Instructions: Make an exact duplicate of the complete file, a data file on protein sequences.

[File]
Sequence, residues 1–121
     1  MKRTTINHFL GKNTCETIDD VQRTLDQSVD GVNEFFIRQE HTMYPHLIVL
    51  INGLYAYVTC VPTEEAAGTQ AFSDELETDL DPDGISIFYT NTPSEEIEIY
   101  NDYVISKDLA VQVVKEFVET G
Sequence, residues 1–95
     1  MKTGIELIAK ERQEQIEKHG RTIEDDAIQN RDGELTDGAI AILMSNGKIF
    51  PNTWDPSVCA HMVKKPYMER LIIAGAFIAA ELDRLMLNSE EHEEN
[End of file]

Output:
Sequence, residues 1–121
     1  MKRTTINHFL GKNTCETIDD VQRTLDQSVD GVNEFFIRQE HTMYPHLIVL
    51  INGLYAYVTC VPTEEAAGTQ AFSDELETDL DPDGISIFYT NTPSEEIEIY
   101  NDYVISKDLA VQVVKEFVET G
Sequence, residues 1–95
     1  MKTGIELIAK ERQEQIEKHG RTIEDDAIQN RDGELTDGAI AILMSNGKIF
    51  PNTWDPSVCA HMVKKPYMER LIIAGAFIAA ELDRLMLNSE EHEEN